Here are some of the changes that the project would like to make: 

Hospital care needs to be more flexible. This means sometimes doing things in a different way.

(More on page 13)


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Winter 2013/2014 (From page 12)

When people go to Accident and Emergency the information on the computer should tell staff that the person has a learning disability. Better information when people with a learning disability go into hospital. Each hospital should have an Acute Liaison Nurse. “To catch the reader's attention, place an

interesting sentence or quote from the story here.”

Acute Liaison Nurses should be involved before a person with a learning disability goes into hospital or as soon as possible after they arrive.

Information should be easy to understand.

Traffic Light Passports to be used.

Training for all hospital staff.

Staff should work together with families and carers.


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LDAG News Easy Read

A Director with a learning disability Joe Powell is the Director of All Wales People First and a member of the LDAG. He has been talking about how he became the first Director with a learning disability.

“To catch the reader's attention, place an interesting sentence or quote from the story here.�

When All Wales People First decided to try to find someone with a learning disability to be the new Director, lots of people got very excited. But some people said that it would never work because they did not know anybody with a learning disability who could do that job. The All Wales People First National Council were sure that someone with a learning disability could do the job. Joe Powell said that nobody really knew what would happen, not even him. Joe said that we must be careful not to try to do things just because we think we should.

(More on page 15)


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Winter 2013/2014 (From page 14)

It might sound good to have a person with a learning disability as the Director of every organisation that works with people with a learning disability. But it would not be good to give people jobs that they were never going to be able to do properly. He said that All Wales People First had thought a lot about this before they decided to give a person with a learning disability the job of Director. “To catch the reader's attention, place an

interesting sentence or quote from the story here.�

Joe had never been a Director before and he had a lot to learn. He worked with the other members of staff at All Wales People First: John Pearse and Yvonne Boxall. John and Yvonne

When Joe first started his job as Director he was worried that some people would be unhappy because he was not from one of the People First groups.

(More on page 16)


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LDAG News Easy Read (From page 15)

But everyone was very kind and helped Joe get used to his new job. Joe said that he nearly did not send in his application for the job. This was not because he thought that someone with a learning disability could not do the job. “To catch the reader's attention, place an interesting sentence or quote from the story here.�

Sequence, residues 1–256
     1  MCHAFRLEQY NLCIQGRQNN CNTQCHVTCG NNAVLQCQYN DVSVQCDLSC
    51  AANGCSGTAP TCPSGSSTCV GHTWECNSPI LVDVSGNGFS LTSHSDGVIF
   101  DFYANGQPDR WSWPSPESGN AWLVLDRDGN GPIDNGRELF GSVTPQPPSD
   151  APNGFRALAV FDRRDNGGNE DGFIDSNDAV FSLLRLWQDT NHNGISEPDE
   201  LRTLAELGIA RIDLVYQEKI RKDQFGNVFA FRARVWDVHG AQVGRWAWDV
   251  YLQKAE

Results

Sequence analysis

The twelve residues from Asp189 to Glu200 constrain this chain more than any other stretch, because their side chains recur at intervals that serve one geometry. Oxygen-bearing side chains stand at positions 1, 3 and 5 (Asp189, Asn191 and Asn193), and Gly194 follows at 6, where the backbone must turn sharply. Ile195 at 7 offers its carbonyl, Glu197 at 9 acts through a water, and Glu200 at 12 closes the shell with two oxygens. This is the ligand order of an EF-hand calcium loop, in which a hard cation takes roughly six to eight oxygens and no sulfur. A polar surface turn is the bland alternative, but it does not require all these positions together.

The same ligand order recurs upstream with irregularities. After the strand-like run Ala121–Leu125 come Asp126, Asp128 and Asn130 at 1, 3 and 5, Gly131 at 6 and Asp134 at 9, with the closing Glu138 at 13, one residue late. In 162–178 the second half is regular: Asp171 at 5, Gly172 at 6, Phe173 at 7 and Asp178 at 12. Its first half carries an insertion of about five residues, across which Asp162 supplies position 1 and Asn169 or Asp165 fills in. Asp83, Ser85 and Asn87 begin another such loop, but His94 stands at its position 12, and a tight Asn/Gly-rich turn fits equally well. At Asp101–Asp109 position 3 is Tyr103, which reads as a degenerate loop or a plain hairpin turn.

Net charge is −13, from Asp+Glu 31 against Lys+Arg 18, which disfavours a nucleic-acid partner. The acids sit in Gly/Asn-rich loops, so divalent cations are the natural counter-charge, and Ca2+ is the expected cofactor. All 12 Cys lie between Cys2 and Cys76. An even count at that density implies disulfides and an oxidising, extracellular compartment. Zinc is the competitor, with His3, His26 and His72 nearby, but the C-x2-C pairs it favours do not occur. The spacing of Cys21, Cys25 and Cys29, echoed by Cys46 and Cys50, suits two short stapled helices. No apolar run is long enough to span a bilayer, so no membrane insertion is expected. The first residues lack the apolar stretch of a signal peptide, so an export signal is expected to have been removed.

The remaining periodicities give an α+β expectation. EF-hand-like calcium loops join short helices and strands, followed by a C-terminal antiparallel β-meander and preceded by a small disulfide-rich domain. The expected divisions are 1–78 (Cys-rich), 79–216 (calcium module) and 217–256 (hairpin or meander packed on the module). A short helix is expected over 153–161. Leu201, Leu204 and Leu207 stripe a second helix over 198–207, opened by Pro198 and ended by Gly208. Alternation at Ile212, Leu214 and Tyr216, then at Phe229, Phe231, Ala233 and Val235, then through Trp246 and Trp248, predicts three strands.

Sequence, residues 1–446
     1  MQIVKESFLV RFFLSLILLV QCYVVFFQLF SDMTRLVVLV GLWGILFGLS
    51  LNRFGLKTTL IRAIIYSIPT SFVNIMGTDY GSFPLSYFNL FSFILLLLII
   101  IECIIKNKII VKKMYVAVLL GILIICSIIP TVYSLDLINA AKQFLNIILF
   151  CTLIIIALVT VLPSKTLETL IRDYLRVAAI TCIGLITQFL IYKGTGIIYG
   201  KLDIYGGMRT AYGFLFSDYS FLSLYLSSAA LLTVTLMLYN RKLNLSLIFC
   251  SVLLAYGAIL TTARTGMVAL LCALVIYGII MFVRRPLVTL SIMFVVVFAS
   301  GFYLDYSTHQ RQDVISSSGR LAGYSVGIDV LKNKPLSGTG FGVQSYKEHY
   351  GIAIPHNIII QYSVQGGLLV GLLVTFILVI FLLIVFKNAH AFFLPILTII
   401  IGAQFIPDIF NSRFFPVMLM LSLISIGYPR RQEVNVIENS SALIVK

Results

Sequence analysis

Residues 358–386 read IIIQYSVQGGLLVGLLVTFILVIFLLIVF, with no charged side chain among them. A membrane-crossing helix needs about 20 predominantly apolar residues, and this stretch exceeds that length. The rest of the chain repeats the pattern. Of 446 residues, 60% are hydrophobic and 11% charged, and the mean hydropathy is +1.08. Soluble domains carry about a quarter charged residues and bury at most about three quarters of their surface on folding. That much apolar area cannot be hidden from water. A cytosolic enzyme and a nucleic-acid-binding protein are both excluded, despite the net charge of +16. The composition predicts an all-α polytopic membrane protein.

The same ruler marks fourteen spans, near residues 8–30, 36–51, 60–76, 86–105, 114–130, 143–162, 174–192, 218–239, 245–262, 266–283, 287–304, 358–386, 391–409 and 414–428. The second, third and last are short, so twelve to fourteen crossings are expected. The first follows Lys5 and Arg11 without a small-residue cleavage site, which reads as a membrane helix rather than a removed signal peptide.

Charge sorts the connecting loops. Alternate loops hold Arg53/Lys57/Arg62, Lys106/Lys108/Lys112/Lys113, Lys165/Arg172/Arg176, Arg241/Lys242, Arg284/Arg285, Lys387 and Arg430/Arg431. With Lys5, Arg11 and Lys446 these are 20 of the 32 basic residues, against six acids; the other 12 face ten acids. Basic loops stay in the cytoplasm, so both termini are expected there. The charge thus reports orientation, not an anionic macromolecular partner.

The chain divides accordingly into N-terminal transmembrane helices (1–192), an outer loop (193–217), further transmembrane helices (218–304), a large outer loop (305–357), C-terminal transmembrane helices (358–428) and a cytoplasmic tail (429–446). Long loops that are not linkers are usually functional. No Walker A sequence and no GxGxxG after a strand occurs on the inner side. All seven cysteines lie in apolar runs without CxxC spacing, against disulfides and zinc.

It was because he had a bad time in another job when he was young and this made him think that he could never have a proper job. Richard Mills from Research Autism and National Autistic Society told Joe that he thought he could definitely do the job of Director. But he said that Joe would need the right support to do the job properly. He said that any Director would need support, not just someone with a disability. All Wales People First already had a clear plan for how to find and support the new Director. (More on page 17)


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Winter 2013/2014 (From page 16)

Members of Caerphilly People First looked at all the applications for the job and decided which people to interview. The plan was for the new Director to work for 2 days a week for 9 months with the support of Yvonne Boxall as a trial. Yvonne Boxall

If the trial went well then the new Director would start working 3 days a week with the support of a Personal Assistant.

“To catch the reader's attention, place an interesting sentence or quote from the story here.�

John Pearse

The Director would share the management of the organisation with the Business Manager John Pearse. Yvonne Boxall would become the National Council worker. But this plan changed. Joe did not need a Personal Assistant. He did not need the full 9 months trial.

6

He was ready to start working 3 days a week after just 6 months. (More on page 18)


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LDAG News Easy Read (From page 17)

Joe and John also felt that it was important to keep Yvonne as part of the management team as she has worked for All Wales People First for such a long time.